Florida Trend Education
Too many Florida kids are skipping school. What's being done about it?
Too many Florida kids are skipping school. What’s being done about it?
About 31% of Florida students were chronically absent last school year — up from 20% in 2018, according to the state Department of Education. They are kids who have missed at least 10% of their classes. And while their numbers have started to shrink slightly, educators remain worried. State lawmakers in Florida are among those sounding the alarm. [Source: Tampa Bay Times]
Florida is one of 18 states to allow corporal punishment in schools. Will it change?
The state is one of 18 that continue to permit the practice, although data show the number of incidents has declined each year over the last decade. Still, legislation to limit corporal punishment in public and charter schools is unlikely to move in the current session, underscoring the enduring nature of this controversial approach to discipline. [Source: Orlando Sentinel]
Where does Florida rank among most and least educated states?
People who have college degrees earn around $600 to $1,200 more each week than those who don’t, according to a recent study from WalletHub on the most and least educated states. The personal finance company used metrics like percentage of high school, associate’s, bachelor’s and graduate or professional degree holders in each state to compare and determine the most and least educated states in the U.S. Other metrics used included the average quality of each state’s universities, racial gaps and gender gaps in educational attainment. [Source: TC Palm]
Want more face time with profs? These Florida schools have the most faculty per student
Some college students don’t mind classes in large lecture halls. But others seek out small class settings, with greater possibilities for interacting with professors. Not surprisingly, different schools offer different staffing levels when it comes to the number of faculty available to teach. Those levels have a direct effect on class sizes across a campus. And the differences don’t always play out the way you might expect. [Source: Palm Beach Post]
At least five people in the United States have applied to Florida universities through Gov. Ron DeSantis’ emergency order to encourage transfer students across the country who feel they experienced religious persecution on campus after the Oct. 7 Hamas attacks. The governor’s order announced last month waives application fees and, in some instances, grants in-state tuition to transfer applicants. [Source: Gainesville Sun]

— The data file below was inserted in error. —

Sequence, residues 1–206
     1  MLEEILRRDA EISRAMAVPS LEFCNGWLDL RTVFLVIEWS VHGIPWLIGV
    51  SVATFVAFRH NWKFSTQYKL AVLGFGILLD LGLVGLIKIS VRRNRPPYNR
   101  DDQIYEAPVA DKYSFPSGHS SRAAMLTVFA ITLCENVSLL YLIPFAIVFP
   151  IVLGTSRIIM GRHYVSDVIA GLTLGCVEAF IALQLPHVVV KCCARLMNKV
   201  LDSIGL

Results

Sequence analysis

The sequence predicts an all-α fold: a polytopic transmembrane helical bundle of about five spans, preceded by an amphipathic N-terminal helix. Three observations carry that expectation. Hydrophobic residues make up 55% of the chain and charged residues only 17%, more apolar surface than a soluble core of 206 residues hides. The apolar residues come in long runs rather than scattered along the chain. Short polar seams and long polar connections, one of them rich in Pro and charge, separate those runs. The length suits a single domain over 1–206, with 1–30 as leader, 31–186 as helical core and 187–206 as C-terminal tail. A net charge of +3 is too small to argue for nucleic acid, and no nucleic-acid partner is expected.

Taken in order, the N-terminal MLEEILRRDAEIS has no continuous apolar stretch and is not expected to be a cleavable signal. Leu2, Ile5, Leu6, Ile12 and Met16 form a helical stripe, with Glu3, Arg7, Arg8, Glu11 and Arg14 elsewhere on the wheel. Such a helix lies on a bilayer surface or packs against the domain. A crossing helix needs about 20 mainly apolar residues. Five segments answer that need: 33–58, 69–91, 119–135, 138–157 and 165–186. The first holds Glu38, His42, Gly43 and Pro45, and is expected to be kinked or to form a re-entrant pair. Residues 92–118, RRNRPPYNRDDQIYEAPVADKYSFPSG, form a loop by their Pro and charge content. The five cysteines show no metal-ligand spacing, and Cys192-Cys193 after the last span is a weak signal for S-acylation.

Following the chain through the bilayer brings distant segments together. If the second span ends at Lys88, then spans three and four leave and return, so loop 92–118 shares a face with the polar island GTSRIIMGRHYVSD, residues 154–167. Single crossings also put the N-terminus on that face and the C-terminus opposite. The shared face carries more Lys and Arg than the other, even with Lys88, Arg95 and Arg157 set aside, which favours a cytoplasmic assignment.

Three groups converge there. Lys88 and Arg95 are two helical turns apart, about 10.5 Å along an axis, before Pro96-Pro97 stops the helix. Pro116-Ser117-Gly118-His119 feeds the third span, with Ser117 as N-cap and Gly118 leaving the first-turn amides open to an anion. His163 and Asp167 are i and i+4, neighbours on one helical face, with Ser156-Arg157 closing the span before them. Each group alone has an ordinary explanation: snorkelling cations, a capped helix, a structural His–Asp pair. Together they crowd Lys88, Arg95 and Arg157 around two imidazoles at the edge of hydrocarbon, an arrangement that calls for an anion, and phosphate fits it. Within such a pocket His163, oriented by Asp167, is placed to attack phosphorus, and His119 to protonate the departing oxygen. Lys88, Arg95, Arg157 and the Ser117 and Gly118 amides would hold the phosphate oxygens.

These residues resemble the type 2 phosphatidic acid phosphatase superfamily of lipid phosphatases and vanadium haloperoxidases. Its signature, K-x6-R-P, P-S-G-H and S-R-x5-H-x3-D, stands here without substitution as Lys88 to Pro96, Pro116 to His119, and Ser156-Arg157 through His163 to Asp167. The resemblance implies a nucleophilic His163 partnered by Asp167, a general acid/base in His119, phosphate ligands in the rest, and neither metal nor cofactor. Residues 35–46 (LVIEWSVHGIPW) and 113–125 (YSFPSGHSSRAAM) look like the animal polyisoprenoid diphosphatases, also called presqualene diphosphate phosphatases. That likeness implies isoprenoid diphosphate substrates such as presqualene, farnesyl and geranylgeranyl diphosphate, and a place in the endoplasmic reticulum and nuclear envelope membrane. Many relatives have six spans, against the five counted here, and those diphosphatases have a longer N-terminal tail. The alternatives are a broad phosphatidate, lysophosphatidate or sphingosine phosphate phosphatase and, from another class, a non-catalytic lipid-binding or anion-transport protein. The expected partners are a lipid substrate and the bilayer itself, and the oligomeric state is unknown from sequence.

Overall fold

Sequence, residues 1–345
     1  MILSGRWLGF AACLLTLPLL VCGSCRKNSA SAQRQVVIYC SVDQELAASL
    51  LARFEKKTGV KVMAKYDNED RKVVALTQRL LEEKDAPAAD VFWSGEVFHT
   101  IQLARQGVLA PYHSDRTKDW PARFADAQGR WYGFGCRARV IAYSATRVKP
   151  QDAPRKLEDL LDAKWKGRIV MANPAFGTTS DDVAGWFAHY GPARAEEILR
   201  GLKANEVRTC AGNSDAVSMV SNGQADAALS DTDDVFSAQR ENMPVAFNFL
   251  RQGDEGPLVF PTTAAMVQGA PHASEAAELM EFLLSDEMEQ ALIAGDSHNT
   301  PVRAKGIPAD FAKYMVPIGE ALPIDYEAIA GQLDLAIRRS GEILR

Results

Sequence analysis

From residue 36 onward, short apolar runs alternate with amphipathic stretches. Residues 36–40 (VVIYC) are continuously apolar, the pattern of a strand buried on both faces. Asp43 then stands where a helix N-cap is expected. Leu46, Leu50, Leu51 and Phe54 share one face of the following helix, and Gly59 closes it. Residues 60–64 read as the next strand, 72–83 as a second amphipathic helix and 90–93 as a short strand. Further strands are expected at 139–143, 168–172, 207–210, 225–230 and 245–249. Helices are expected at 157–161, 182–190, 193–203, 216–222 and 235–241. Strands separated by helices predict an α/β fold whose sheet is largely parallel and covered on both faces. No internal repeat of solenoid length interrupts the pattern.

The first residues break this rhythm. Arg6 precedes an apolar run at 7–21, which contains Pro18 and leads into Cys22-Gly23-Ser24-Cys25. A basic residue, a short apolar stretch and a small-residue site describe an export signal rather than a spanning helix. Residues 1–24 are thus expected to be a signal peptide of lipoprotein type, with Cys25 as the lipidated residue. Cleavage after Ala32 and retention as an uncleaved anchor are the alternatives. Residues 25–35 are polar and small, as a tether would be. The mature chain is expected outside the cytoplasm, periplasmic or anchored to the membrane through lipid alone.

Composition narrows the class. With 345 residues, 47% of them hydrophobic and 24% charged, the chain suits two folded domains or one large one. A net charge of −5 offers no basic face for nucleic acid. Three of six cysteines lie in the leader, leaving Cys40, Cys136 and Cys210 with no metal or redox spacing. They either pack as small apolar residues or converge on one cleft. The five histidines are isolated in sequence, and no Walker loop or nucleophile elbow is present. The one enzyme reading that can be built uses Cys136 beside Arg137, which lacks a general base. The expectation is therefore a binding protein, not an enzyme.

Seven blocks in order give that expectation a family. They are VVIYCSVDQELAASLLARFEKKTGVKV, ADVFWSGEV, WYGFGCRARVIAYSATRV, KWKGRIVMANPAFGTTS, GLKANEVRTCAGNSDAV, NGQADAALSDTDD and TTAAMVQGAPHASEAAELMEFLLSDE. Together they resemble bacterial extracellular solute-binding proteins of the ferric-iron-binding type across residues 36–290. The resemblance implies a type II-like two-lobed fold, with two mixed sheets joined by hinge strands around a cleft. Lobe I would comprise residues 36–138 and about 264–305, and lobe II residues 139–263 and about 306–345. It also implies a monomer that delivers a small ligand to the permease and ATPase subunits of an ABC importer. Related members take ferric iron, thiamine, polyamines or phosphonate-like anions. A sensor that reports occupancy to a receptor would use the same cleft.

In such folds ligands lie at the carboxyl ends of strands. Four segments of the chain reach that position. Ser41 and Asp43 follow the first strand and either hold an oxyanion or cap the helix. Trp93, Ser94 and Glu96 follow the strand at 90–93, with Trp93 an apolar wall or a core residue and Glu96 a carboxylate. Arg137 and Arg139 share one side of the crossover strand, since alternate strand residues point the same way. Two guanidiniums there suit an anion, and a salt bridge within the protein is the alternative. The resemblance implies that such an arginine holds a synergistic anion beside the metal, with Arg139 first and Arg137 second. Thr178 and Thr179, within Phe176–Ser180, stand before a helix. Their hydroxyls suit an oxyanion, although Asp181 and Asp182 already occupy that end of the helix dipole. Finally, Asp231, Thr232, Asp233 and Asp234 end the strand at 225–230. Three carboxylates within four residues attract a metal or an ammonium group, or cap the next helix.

ALSO AROUND FLORIDA:
› Florida official defers to parents on if kids should return to school amid measles cluster
Florida Surgeon General Joseph Ladapo on Tuesday said that parents and guardians should be the ones deciding whether their children will continue attending classes as the sixth case of measles has been confirmed at a Broward County elementary school. All the cases thus far have been reported at Manatee Bay Elementary School, a K-5 school located in Weston.
› Florida Holocaust Museum, USF will house Elie Wiesel collection
The Florida Holocaust Museum and University of South Florida will soon become the permanent home for the collections of Elie Wiesel, the Nobel prize-winning Holocaust survivor, professor and writer who for years was a visiting professor at Eckerd College. Thomas Smith, a board member for the museum and vice provost for academics at USF’s St. Petersburg campus, said the center at the university will need approval from the state Board of Governors and is still in the earlier stages of planning.
› Leon County's first-ever school esports lab: Nims Middle's tech revolution
On a recent Friday morning, students at R. Frank Nims Middle School in Tallahassee were excited, not only for the weekend, but for the new facelift their school is about to get in the coming months. Along with an $8-million renovation project for a new cafeteria and gym, financed by the district's capital improvement fund, students will be getting a start-of-the-art esports lab, the first in the Leon County School District.
› Sarasota School Board approves resolution for November vote on property tax extension
Sarasota County voters will determine this November whether to again extend an optional local property tax for the School District, after the School Board unanimously approved a resolution Tuesday evening to continue a referendum on the issue. The largely procedural vote ensures that the district brings the referendum before voters at the upcoming general election.
Previous Education Updates:
- As social media ban advances, critics ask, What about parental rights?
- Florida schools seek to save programs as federal funding cliff nears
- Students will graduate with the least debt at these Florida colleges and universities
- Graduation rates are up in Florida. So is student absenteeism.
- School absenteeism has hit record levels in Florida, but rates vary across the state
- Education key for Florida leaders as they open 2024 legislative session
- Florida schools prepare for ‘painful' task of changing start times